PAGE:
Coxswain ‘Dic’ Evans memorial looking out over the Moelfre Lifeboat.
Telegraph Obituary 18th Sep 2001
Richard Evans, who has died aged 96, twice won the Gold Medal of the Royal National Lifeboat Institution, during 50 years as a lifeboatman.
Evans won his first Gold Medal – the RNLI’s highest award for gallantry – in 1959, five years after succeeding his uncle as coxswain of Moelfre lifeboat, Anglesey. On October 27 1959, a strong southwesterly gale was blowing in Moelfre Bay, where the 500-ton coaster Hindlea lay at anchor. At 11 am the wind dropped, before veering to the north and increasing rapidly to hurricane force, with gusts of 100 mph.
Hindlea, a light ship with small engines, was now in great danger, caught on a lee shore with her anchors being dragged towards the rocky coast. By this time, Coxswain Evans and his mechanic were at the boathouse, but unable to muster a full crew as the storm had damaged telephone lines. Only two other regular crew members were available, and Evans was forced to recruit a shore helper who had never been to sea in a lifeboat before.
At midday, Evans launched the reserve lifeboat Edmund and Mary Robinson down the slipway and headed around Moelfre Island into the teeth of the hurricane. They found Hindlea riding to her starboard anchor which was dragging. The cable was being whipped out of the water as she pitched on the waves, which made an approach from seaward dangerous. She was swinging 90 degrees side to side, her engines racing. For an hour and a half, Evans waited as the huge seas battered Hindlea, able to do nothing until her master gave the order to abandon ship. When finally that order was given, Hindlea was in the breakers only 200 yards from the rocks.
Evans manoeuvred the lifeboat around the stern of Hindlea, uncomfortably close to the churning propellers, which were at times above the heads of the crew as Hindlea rose on the waves. As the lifeboat approached the ship’s port side, a wave heeled her over, putting her mast underwater for a time.
Approaching Hindlea’s port quarter, another huge wave lifted the lifeboat almost on to the coaster’s deck, before dragging her back into the sea. Evans took the lifeboat astern and clear, then ran in again, getting alongside and holding her there long enough for one of the crew to jump into the arms of his lifeboatmen.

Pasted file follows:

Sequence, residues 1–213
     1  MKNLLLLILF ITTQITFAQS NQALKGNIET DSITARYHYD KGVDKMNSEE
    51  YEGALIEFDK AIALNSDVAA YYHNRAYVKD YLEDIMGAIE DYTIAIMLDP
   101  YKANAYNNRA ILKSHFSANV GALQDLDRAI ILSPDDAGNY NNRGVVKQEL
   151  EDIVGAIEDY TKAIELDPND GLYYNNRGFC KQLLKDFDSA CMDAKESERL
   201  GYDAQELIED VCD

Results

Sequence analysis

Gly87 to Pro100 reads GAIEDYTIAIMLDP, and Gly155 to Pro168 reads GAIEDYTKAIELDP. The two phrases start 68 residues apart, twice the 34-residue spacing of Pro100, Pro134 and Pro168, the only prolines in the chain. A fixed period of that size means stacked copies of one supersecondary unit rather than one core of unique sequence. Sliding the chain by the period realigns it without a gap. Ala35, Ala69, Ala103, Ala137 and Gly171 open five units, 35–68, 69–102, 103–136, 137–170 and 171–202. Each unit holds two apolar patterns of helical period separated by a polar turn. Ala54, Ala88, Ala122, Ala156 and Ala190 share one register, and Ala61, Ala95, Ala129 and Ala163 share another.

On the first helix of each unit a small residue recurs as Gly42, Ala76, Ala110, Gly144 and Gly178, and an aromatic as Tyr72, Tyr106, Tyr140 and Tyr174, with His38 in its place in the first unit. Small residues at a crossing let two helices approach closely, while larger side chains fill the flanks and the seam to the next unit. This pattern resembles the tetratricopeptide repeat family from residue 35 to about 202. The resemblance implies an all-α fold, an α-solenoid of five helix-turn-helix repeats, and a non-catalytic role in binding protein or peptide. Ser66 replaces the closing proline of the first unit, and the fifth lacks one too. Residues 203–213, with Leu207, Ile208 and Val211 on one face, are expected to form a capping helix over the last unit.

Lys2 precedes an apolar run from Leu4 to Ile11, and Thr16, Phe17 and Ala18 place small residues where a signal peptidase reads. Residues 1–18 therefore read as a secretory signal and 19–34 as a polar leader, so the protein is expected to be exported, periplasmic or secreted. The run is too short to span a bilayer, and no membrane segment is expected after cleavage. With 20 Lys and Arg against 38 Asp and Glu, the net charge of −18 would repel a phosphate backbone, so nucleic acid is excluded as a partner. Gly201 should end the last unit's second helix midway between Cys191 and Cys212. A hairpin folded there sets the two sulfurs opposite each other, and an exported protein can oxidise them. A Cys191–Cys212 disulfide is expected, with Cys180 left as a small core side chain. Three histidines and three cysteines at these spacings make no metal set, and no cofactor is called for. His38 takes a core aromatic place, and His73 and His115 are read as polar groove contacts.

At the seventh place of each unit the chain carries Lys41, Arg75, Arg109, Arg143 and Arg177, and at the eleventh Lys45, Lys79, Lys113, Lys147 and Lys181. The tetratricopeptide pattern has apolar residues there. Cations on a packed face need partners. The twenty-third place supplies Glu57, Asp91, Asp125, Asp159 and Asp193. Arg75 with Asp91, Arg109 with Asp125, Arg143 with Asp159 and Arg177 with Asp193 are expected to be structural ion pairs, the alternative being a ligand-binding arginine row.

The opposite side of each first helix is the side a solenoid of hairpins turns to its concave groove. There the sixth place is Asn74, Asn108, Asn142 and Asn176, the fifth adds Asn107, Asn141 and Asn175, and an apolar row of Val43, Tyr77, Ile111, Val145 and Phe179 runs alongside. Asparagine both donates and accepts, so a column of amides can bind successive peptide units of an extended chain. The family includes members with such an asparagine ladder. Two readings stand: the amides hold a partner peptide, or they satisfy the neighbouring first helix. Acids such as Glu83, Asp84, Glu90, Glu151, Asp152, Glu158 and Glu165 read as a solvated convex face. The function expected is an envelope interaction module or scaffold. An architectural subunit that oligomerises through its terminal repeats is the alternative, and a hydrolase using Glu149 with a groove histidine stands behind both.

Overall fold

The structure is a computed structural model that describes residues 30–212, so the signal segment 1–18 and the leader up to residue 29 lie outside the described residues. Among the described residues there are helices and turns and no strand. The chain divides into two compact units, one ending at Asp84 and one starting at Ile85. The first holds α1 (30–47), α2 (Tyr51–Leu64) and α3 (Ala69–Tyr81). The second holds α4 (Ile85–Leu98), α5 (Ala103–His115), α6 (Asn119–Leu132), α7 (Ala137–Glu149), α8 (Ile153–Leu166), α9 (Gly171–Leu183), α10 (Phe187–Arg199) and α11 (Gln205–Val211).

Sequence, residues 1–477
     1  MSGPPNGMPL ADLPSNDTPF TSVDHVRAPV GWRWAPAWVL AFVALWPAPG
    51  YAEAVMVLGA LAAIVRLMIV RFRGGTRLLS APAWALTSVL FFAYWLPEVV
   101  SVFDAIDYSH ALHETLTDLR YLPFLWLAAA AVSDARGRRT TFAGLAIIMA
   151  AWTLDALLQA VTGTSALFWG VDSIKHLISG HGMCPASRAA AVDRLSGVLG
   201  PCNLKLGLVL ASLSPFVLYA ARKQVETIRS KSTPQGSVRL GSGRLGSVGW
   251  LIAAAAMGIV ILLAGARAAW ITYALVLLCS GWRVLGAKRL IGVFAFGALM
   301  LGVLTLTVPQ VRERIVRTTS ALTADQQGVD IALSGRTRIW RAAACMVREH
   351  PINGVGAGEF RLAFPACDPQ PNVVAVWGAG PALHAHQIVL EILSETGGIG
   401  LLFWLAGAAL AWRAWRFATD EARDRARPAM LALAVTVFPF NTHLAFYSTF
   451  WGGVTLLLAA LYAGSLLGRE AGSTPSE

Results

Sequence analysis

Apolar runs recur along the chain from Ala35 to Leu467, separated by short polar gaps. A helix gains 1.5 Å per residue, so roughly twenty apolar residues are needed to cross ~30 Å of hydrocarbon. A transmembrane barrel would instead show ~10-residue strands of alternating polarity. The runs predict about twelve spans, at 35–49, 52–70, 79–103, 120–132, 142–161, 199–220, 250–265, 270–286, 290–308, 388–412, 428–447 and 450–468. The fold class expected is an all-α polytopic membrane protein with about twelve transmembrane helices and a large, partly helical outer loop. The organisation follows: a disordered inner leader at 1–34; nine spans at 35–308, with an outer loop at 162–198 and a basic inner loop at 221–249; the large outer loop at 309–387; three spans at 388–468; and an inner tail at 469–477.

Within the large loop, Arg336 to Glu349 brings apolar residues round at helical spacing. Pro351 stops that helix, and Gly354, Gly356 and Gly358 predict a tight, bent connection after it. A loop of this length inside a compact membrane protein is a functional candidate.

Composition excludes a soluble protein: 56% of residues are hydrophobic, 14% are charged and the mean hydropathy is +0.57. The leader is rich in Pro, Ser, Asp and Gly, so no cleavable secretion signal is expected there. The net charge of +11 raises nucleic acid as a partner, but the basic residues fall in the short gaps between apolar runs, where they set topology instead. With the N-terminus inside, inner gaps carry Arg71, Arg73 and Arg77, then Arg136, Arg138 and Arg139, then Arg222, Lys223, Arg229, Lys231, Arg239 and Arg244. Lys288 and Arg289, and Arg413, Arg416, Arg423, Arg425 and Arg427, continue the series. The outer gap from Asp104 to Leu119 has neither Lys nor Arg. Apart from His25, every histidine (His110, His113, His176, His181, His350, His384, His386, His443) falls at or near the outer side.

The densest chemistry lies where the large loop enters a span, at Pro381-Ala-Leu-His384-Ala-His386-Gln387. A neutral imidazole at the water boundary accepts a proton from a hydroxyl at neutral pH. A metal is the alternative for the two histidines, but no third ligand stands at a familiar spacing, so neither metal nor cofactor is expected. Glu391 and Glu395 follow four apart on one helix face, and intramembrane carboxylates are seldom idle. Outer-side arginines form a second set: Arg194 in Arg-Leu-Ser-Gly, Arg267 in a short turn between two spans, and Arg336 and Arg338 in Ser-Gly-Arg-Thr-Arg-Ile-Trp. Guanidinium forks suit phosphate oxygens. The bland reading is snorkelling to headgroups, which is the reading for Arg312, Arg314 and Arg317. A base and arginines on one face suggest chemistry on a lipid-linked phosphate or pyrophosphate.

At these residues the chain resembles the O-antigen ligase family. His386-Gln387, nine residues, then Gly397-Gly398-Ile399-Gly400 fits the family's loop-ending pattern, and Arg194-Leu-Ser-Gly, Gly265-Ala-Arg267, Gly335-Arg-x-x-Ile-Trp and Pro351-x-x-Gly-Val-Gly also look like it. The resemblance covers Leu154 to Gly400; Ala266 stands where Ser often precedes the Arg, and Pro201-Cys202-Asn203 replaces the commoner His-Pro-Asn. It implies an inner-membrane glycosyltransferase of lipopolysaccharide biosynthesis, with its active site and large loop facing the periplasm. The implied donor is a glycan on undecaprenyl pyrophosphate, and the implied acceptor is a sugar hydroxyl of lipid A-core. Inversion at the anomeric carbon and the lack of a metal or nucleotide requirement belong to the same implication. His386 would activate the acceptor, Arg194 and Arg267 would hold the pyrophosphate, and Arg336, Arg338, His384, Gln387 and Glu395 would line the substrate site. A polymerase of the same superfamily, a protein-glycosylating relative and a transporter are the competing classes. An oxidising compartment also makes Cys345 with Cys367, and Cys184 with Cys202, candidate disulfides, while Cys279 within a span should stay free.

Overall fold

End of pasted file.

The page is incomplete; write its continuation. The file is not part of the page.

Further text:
Evans carried out this perilous manoeuvre 10 times, until shortly after 2 pm when all eight men on Hindlea had been saved, the only injury being a broken leg. Hindlea struck the rocks 35 minutes later and was lost.
For his bravery, Evans was awarded the RNLI Gold Medal, his mechanic received the silver medal, and the other three crew members the bronze medal.
The son of a sea captain in the merchant navy, Richard Matthew Evans was born at Moelfre on January 19 1905 and educated locally. He became a merchant seaman at 14, earning £2 a week. Aged 23 he was Master of MV Collin, taking cargo along the coast and to France.
On shore leave, he helped out in the Moelfre lifeboat, then a pulling-and-sailing vessel, whose crew he had first joined at 17. When his uncle became full-time coxswain, Evans reluctantly gave up his career at sea to run the family butcher’s shop, whereupon he became more fully involved with the lifeboat.
During the Second World War, Evans was second coxswain of the Moelfre lifeboat and a signals sergeant in the Home Guard. In 1940, he was awarded the Thanks of the RNLI on vellum for his part in the rescue of the entire crew of 60 from SS Geleden after she was torpedoed and ran aground in the Menai Straits. In 1943 he won a bronze medal for his part in the rescue of three airmen from a crashed Whitley bomber off Dulas Island.
Seven years after winning his first Gold Medal, Evans won a second after going to the aid of the Greek motor vessel Nafsiporos, which was disabled and drifting out of control towards Point Lynas. At 7.40 am on December 2 1966, Evans launched his lifeboat into a Force 10 storm to help a motor vessel with engine trouble, but he soon diverted to another, and was eventually called to assist Nafsiporos. It was not until 3.30 pm that he reached the stranded Nafsiporos, having struggled through terrible seas for several hours. He made a run in but had to sheer away because of a lifeboat hanging near the stern. He went in again, but none of Nafsiporos’s crew would jump. It took another run and a manoeuvre in which the lifeboat was held alongside before 10 of the crew could be persuaded to abandon ship. Another five were taken off by the Holyhead lifeboat.
By the time the Moelfre lifeboat reached Holyhead with the survivors, it had been at sea for 12 hours, and Evans – then aged 61 – had been at the wheel throughout. He was awarded a Gold Medal (Second Service Clasp), only the fifth lifeboatman in the history of the RNLI to have achieved this.
Evans retired in 1970. During his 50 years of service, the Moelfre station had saved 281 lives in 179 launches.
Besides his RNLI awards, Evans won the Queen’s Silver Medal for gallantry at sea in 1960 and the British Empire Medal in 1969. In 1978 he was made Honorary Bard at the National Eisteddfod, where an ode was written in his honour.
In retirement he spoke for the RNLI, and made regular appearances on radio and television, including This is Your Life and Parkinson.
He married, in 1933, Nancy Thomas; they had three sons.